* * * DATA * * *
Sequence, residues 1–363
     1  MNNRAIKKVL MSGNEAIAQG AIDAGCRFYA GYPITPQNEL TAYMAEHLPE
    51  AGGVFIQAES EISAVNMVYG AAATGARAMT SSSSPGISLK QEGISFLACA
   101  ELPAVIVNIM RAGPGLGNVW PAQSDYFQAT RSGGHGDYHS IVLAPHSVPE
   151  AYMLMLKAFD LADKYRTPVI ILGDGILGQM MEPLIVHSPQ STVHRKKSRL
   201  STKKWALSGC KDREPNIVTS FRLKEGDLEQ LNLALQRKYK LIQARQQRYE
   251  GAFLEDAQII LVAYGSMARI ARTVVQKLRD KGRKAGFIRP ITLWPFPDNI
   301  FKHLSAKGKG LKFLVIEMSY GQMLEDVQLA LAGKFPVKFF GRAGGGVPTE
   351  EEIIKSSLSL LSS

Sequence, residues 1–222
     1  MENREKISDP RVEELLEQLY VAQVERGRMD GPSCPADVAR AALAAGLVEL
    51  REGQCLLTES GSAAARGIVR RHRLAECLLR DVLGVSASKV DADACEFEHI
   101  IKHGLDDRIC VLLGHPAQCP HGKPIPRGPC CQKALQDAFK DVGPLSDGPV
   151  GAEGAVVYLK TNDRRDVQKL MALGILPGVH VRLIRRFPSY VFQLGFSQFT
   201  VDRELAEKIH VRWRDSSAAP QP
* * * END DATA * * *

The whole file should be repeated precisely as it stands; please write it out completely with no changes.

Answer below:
Sequence, residues 1–363
     1  MNNRAIKKVL MSGNEAIAQG AIDAGCRFYA GYPITPQNEL TAYMAEHLPE
    51  AGGVFIQAES EISAVNMVYG AAATGARAMT SSSSPGISLK QEGISFLACA
   101  ELPAVIVNIM RAGPGLGNVW PAQSDYFQAT RSGGHGDYHS IVLAPHSVPE
   151  AYMLMLKAFD LADKYRTPVI ILGDGILGQM MEPLIVHSPQ STVHRKKSRL
   201  STKKWALSGC KDREPNIVTS FRLKEGDLEQ LNLALQRKYK LIQARQQRYE
   251  GAFLEDAQII LVAYGSMARI ARTVVQKLRD KGRKAGFIRP ITLWPFPDNI
   301  FKHLSAKGKG LKFLVIEMSY GQMLEDVQLA LAGKFPVKFF GRAGGGVPTE
   351  EEIIKSSLSL LSS

Sequence, residues 1–222
     1  MENREKISDP RVEELLEQLY VAQVERGRMD GPSCPADVAR AALAAGLVEL
    51  REGQCLLTES GSAAARGIVR RHRLAECLLR DVLGVSASKV DADACEFEHI
   101  IKHGLDDRIC VLLGHPAQCP HGKPIPRGPC CQKALQDAFK DVGPLSDGPV
   151  GAEGAVVYLK TNDRRDVQKL MALGILPGVH VRLIRRFPSY VFQLGFSQFT
   201  VDRELAEKIH VRWRDSSAAP QP